Philomath Express: Oblique Angles logo

I could hear the phone ringing inside as soon as I got out of my car. I grabbed the bags of groceries and ran to unlock the front door. Fumbling with bags, keys and purse, I dropped one of the bags. Naturally it was the bag with the dozen eggs, currently broken.

I unlocked the door, tossed the remaining bag on the counter and picked up the phone. A ding indicated I had a message. I typed in my secret code to open my voice mail, and this is exactly what the caller said: “Call me. I’ve got great news!!!!”

Since the caller didn’t leave any identifying information and I didn’t recognize her voice, what was I supposed to do? What if it was Publishers Clearing House calling to say I had won the $2.5 million sweepstakes? Oh well, easy come, easy go.

Why, I wondered, did I often find myself in situations where language — or lack thereof — makes absolutely no sense?

To help me make sense of the world, my dad had taught me to read early. We made splendid progress until we came across those devilish words containing silent letters: I would say “ga-nat,” “ga-naw,” “ga-nome,” “dum-ba and dum-ber,” and my personal favorite “ke-nick-ke-nacks.” He patiently explained that silent letters aren’t pronounced. “Just ignore them. Pretend they’re not there.”

“Why can’t we just get rid of them?” I asked.

“Because we’re not lexicographers.”

“Say what?” I asked.

“The guys in charge of words that go in the dictionary.”

“Well, they must be ‘ke-nuckleheads.’”

I vowed I would become the voice for silent letters everywhere. They would be silent no longer. My parents even agreed to voice the silent letters, not because they believed it was the right thing to do, but to shut me up.

I remember once when we went out to dinner, I said, “Mom, please pass me the butter ke-nife?” By the way, note my impeccable manners.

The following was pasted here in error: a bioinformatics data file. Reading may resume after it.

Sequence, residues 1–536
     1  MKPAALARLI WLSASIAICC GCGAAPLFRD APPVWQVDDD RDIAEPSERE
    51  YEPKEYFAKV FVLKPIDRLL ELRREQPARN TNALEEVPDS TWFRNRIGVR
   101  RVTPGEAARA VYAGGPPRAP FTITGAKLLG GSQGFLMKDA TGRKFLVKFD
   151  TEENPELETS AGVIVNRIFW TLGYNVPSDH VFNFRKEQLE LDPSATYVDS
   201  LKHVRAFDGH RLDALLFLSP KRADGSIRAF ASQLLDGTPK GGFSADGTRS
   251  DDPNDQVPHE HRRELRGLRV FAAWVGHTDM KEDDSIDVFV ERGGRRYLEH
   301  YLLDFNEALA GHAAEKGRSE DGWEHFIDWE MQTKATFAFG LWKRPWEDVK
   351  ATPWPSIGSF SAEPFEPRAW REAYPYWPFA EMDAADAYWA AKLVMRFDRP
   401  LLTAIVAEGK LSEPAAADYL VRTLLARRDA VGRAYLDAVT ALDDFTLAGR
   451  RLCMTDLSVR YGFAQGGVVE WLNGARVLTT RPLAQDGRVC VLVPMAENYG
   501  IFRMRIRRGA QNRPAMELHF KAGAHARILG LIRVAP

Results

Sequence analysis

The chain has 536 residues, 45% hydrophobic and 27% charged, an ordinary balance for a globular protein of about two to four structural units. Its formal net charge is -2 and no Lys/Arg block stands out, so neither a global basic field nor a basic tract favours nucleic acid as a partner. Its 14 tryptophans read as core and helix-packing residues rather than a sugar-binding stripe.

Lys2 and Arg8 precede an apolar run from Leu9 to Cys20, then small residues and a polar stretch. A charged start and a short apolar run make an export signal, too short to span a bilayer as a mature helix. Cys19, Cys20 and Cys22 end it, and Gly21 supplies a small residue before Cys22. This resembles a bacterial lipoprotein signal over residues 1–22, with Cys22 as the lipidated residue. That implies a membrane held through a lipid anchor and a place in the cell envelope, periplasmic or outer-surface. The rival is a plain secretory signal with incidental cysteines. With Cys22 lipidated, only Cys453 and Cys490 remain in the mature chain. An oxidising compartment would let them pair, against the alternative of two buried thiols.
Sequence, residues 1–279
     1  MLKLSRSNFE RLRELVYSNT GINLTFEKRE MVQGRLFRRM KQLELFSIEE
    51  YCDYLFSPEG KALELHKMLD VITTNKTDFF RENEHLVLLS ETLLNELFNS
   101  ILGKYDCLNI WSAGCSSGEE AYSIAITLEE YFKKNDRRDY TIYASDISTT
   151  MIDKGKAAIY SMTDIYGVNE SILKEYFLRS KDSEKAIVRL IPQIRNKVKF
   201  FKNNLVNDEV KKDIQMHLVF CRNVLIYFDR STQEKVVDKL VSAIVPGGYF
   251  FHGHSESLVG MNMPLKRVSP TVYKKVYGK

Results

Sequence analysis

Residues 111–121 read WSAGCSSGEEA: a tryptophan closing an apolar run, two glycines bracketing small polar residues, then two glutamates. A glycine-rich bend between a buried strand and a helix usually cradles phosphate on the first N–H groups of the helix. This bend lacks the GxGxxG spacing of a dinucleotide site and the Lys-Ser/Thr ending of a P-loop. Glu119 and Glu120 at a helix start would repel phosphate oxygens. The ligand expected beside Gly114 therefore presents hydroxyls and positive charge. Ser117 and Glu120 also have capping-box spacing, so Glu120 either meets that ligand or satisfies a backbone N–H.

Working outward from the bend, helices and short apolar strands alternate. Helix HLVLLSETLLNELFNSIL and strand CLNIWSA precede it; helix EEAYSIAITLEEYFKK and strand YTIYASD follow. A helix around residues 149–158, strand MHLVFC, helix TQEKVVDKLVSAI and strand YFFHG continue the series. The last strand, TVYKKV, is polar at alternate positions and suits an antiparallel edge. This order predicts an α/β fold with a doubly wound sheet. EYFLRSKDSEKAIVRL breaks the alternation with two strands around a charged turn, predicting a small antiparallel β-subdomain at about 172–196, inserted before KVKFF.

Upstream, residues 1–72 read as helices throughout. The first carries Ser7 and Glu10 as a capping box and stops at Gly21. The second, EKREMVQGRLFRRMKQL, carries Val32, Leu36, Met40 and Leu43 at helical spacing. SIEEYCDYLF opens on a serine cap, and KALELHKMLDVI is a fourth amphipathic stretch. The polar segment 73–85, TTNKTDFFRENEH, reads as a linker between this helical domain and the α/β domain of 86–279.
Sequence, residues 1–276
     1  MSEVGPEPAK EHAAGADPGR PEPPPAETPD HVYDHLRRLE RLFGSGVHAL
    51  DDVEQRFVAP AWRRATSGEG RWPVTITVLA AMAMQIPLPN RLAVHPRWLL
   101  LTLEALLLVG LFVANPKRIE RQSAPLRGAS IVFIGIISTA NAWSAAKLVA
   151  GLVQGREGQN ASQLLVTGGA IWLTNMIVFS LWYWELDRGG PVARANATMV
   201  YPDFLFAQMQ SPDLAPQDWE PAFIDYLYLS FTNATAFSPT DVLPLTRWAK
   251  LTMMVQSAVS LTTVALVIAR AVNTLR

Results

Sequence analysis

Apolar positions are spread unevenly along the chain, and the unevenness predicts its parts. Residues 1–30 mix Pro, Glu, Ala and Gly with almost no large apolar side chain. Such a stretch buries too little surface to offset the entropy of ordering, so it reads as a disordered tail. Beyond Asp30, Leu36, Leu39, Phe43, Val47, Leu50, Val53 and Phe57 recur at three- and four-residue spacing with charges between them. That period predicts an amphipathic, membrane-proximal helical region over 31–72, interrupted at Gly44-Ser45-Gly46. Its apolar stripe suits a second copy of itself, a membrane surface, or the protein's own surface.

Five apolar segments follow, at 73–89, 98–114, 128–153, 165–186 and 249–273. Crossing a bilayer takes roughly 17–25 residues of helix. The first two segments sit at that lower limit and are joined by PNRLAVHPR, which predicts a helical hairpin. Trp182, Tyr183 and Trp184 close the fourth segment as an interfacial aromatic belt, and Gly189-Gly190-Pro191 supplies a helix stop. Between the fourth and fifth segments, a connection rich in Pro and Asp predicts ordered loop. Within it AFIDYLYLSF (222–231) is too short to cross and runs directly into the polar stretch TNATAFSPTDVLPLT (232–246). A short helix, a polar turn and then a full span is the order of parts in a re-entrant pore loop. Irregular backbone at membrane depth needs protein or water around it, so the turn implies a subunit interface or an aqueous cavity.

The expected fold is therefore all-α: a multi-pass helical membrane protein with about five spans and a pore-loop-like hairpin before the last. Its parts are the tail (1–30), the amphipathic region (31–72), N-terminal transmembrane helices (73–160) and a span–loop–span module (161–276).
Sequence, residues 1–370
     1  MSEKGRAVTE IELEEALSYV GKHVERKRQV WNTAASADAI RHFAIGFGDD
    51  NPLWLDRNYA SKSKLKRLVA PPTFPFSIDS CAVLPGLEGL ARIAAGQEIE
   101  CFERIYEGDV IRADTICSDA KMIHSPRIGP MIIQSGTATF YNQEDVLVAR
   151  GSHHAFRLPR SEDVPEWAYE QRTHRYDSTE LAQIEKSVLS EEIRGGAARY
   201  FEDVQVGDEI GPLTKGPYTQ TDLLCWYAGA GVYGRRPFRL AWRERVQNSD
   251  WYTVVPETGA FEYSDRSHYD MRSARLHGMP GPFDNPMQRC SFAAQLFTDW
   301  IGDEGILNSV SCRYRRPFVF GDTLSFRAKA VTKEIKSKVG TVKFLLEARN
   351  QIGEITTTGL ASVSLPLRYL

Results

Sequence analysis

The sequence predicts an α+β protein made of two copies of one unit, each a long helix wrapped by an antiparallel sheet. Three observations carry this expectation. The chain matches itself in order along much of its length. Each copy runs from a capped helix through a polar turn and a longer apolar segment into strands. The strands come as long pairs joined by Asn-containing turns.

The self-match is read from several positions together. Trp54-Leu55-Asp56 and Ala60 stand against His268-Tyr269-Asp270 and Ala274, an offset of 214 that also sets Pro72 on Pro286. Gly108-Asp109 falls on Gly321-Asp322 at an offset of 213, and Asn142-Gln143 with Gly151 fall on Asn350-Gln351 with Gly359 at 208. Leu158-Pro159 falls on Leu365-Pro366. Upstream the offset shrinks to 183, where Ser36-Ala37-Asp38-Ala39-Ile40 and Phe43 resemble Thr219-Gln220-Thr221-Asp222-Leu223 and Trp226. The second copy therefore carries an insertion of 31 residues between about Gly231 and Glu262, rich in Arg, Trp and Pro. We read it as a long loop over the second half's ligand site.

“Of course, dear. Here’s the ke-nife.”

A pearl-wearing lady with lacquered helmet hair approached our table.

“Excuse me,” she said. “I couldn’t help but overhear part of your conversation. You said ‘ke-nife.’ The ‘k’ is silent. We just say ‘nife.’”

She patted my head as if I were a Shih Tzu. “Your native language isn’t English, is it? Where are you from?”

“Berkeley, California,” I said.

“Oh, that explains everything,” she said. She patted my head again and rejoined her dinner companions.

“A butter ke-nife wouldn’t have done the job,” I groused. “I would have needed a ‘sword’ to take care of that one.” Please note it is the “w” that is silent, which is rare.

Even smart folks make common language gaffes. My friend Bunny, an astrophysicist, called and told me she had misplaced her telescope. How, I wondered, do you misplace a telescope? “I searched everywhere,” she said. “I finally found it in the very last place I looked.”

Do some people continue to look for an item even after it’s been found? Who are these people? And how do they navigate through life? Awk! Another ke-nucklehead!

I often read things wrong. I assume that comes with my failing eyesight, but Gary suggests it might be my failing brain. There was a time when I had to commute from San Jose to Palo Alto. I traveled to and fro on the Bayshore Freeway, passing Moffett Field, a military-civilian airfield. Outside the base, a sign was posted that I read aloud every time I passed it: “Please pick up uninformed personnel.” How dare they treat their employees with such disrespect?

Gary was with me one day when I read that demeaning sign. His response was totally inappropriate as he laughed like a mad man. “Why are you laughing?” I snarled. How would you feel if you were one of those uninformed personnel?”

“Sweetheart, it doesn’t say “uninformed;” It says “uniformed.”

Apparently, I, too, just fell head-first into the ke-nucklehead canyon.

It comes as no real surprise to me that our son, the acorn, hasn’t fallen far from the mother tree. He was a toddler when he announced that his Tonka toy truck tires had excellent “gription.” I don’t have to give you a definition as its meaning is obvious.

Later, he added “this’s” to his working vocabulary. An example would be: “That’s your camel. This’s mine.”

He also has fine observational skills. We were driving when he let out a whoop of delight. “Look, there’s a garage sale up the street.”

“What’s so special about that?” I asked.

“They’re selling garages!”

I looked, and he was right. There were five detached garages. They were for sale. What else would you call it but a “Garage Sale?”

Late at night, you’ll find me in my beloved Barcalounger, thinking deep, profound thoughts. Currently I’m wrestling with the age-old question: “When is a garage sale really a garage sale?”

Linda Hamner is a published author and former soap opera writer who won a Daytime Emmy Award in 1991 as part of the "Santa Barbara" writing team. She has lived in Philomath since 2006.

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